Tag Archives: Tony Bennett

The Good Life

sf_topothemark_sf-lgMy husband and I and our two grown daughters who call San Francisco home had climbed the heights of Nob Hill and ridden the elevator to the 19th floor of the Mark Hopkins Hotel for cocktail hour at Top of the Mark. Panoramic views of the city and the water and the bridges at sunset. A splendid site, the kind you write home about.

The last place in the world where you would expect to get into a little disagreement.

I am trying to recall it all. The signature martini menu, dance floor, and lounge atmosphere. Everyone dressed to the nine’s. A trip back in time and civility, expecting to see Tony Bennett take the mic in his easy stride and wide smile at any moment.

And that was what I was noting–in fact he was singing to me–when one of my daughters mentioned pointedly, “Mom, you can put that notebook away now.”

I don’t need to back up and inform you that we had had this discussion before concerning cell phones and texting in restaurants. But paper and pen? I always thought that the indisputable right of writers through the ages, and I was simply exercising my right.

But to the girls, it’s the same thing. Rude.

I’ve thought so much about this, I don’t know what I think anymore. A dilemma for all time, apparently.


Filed under Writing

My Early Retirement Plan

San Francisco has long felt like a missed chapter in my life. In an effort to make it up, we have celebrated Christmas there the past couple of years. And now, all I want for Christmas is San Francisco.

Where else in your own country do you land and find that the billboards speak a language of their own, intelligible only to natives? And where else do cabs come and pick you up without any apparent call, and deliver you without any sign of payment? I know my daughters have something to do with this. They know the workings of this city. They are enmeshed in it, while it baffles me. But then, I am easily baffled by technology and enchanted by magic, so San Francisco is for me too. I don’t know how it works but it does, remarkably so.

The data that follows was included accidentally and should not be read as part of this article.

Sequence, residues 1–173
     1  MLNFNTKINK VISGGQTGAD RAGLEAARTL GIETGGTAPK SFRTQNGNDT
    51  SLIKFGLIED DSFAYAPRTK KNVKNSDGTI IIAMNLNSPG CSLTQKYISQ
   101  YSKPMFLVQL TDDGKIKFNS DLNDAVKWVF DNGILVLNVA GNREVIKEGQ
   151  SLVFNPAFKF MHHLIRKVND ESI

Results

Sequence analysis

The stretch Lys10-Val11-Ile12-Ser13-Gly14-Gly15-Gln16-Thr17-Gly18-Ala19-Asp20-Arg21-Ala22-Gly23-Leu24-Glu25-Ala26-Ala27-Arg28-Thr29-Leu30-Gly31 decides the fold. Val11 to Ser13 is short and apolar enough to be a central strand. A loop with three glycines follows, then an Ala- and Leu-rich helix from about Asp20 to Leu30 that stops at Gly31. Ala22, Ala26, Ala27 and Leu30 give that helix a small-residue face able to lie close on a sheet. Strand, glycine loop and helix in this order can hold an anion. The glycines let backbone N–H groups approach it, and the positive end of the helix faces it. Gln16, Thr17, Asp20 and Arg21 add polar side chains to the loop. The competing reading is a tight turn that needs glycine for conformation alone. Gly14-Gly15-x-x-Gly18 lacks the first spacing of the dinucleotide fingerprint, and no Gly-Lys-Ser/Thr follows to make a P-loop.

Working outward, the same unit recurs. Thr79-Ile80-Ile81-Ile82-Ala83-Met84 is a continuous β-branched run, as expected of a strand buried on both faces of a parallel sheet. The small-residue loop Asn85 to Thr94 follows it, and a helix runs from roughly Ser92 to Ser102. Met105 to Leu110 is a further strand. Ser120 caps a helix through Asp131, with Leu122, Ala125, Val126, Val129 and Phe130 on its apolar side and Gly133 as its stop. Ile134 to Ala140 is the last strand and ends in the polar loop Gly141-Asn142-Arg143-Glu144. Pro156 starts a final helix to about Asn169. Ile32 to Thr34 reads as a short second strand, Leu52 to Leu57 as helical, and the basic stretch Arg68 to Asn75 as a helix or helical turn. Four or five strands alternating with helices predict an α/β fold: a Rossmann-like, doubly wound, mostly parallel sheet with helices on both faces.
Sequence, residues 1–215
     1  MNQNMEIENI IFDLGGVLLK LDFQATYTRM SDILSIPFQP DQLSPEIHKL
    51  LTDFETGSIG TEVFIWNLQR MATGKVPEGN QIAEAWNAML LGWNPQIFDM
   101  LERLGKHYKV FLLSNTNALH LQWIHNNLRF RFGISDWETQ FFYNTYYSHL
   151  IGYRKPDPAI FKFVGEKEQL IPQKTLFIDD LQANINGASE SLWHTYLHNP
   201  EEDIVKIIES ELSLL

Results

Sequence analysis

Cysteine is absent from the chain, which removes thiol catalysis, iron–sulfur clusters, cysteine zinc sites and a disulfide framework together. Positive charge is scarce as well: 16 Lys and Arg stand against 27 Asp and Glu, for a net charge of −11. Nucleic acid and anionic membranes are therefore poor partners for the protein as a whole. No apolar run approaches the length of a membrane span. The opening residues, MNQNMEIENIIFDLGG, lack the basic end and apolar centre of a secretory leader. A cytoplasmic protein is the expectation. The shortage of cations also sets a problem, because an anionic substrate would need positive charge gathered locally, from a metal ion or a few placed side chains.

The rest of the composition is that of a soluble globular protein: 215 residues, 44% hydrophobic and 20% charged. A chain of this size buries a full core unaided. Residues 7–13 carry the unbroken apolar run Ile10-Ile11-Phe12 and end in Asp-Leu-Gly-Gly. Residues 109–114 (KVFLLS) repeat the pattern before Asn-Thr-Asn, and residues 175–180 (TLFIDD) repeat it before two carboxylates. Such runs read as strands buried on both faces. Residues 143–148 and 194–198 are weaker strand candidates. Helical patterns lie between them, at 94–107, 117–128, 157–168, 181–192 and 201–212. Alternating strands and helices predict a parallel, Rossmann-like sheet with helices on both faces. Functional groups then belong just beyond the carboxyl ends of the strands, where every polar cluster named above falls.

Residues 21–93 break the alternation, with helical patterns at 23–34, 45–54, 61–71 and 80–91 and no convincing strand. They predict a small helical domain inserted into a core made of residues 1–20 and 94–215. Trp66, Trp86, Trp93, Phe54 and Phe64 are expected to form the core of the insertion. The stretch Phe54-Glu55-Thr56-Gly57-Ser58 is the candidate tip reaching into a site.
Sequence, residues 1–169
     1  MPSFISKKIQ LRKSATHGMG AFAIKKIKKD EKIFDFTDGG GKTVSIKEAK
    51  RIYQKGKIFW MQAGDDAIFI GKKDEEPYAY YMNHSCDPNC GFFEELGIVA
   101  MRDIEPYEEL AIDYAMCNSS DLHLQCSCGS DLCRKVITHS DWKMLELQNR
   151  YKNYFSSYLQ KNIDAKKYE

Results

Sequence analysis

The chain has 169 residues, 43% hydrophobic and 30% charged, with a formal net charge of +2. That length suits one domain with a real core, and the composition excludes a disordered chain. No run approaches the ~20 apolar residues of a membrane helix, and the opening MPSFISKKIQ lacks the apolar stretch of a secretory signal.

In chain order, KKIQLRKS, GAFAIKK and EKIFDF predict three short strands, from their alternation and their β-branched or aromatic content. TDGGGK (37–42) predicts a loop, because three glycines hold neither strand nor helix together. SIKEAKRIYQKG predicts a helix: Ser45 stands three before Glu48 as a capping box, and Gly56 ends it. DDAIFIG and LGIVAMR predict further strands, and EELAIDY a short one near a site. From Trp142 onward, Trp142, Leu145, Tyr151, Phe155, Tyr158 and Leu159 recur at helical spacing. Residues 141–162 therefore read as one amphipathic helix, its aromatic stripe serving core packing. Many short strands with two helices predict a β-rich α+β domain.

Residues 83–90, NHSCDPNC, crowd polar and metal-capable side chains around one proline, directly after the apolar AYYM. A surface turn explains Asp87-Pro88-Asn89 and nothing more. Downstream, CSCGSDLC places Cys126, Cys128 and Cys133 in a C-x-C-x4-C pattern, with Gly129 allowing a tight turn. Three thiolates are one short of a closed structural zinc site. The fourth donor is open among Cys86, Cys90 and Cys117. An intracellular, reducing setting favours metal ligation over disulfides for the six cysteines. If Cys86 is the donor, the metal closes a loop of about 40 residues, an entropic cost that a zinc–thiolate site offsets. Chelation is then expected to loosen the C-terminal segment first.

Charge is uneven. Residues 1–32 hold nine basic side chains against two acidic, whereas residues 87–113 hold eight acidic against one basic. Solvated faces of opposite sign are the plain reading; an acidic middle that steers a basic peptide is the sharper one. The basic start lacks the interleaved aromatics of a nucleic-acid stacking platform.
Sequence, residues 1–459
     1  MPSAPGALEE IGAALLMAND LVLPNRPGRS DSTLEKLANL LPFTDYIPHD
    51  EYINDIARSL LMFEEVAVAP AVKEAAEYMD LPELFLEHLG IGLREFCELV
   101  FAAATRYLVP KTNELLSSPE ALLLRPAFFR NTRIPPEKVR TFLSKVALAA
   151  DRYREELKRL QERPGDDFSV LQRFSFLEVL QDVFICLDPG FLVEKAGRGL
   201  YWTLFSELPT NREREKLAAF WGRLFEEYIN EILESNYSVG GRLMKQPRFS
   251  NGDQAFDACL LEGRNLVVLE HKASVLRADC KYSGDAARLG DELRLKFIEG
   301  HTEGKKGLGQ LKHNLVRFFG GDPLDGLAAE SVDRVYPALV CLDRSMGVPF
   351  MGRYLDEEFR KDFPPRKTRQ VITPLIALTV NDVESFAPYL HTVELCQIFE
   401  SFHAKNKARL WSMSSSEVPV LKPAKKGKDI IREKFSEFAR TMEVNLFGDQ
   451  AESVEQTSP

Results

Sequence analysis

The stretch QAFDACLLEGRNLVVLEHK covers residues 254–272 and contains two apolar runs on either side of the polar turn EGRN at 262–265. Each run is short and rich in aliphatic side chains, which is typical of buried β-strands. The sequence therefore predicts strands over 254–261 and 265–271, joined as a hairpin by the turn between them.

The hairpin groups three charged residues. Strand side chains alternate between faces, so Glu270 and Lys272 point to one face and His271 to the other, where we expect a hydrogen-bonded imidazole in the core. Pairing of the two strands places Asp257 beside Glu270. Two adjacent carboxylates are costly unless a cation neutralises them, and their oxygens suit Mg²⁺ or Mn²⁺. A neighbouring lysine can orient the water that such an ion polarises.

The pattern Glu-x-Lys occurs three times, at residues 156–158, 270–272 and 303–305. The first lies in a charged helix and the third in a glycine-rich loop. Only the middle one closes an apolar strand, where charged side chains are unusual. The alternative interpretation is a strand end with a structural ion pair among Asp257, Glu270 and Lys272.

Where else would you dine on sushi at a restaurant named Tsunami? And find stocking stuffers in a toy store named Tantrum?

With two daughters living there we have a place to stay. Their flat is in Buena Vista alongside the park. It’s the best of both worlds: a rather posh area on the edge of Haight Ashbury.

In The Haight I meet many Tibetans minding their stores. I delight in their colorful goods, listen to their stories, and purchase a strand of prayer beads to drape around a Santo in my writing room in Seattle. The beads are in honor of a friend I grew up with in Connecticut, only to learn decades later that she has become a Buddhist. Janie, if you are reading this, it is one more example of you “walking the walk” in life, while all I do is write about it. How I love and admire you, Jane.

Contradictions co-exist in all cities, but seem more extreme in San Francisco. The Wall Street of the West, the birthplace of so many start-ups, and surely one of the “establishments” of bohemian lifestyle. Oh, the splendor and the squalor of it all!

And just when you thought that everyone in this fair city is young, up on the 19th floor of The Mark Hopkins Hotel at 1 Nob Hill, an older generation is enjoying cocktails and dancing after dark at The Top of the Mark. Men in jackets and ties, women dressed to the nines. A Tony Bennett kind of place where the male vocalists sound like him, and all the women, like Etta James or Nina Simone.

Honey, if we live in San Francisco oneday, that is where we will go if we grow old and can afford it. They’ll be playing The Beatles songs by then, and our appetite will have finally shrunk, and we could make a dinner of appetizers and just keep dancing….

But how in the world will we ever get up that hill?


Filed under Christmas, San Francisco